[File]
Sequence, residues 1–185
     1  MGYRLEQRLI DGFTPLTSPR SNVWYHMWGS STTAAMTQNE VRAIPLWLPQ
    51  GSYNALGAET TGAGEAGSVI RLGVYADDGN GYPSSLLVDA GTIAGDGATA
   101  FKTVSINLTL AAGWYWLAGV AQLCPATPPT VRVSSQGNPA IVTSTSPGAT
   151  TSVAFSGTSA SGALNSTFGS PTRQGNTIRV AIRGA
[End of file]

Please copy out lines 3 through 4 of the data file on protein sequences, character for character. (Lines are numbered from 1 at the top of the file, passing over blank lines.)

    51  GSYNALGAET TGAGEAGSVI RLGVYADDGN GYPSSLLVDA GTIAGDGATA
   101  FKTVSINLTL AAGWYWLAGV AQLCPATPPT VRVSSQGNPA IVTSTSPGAT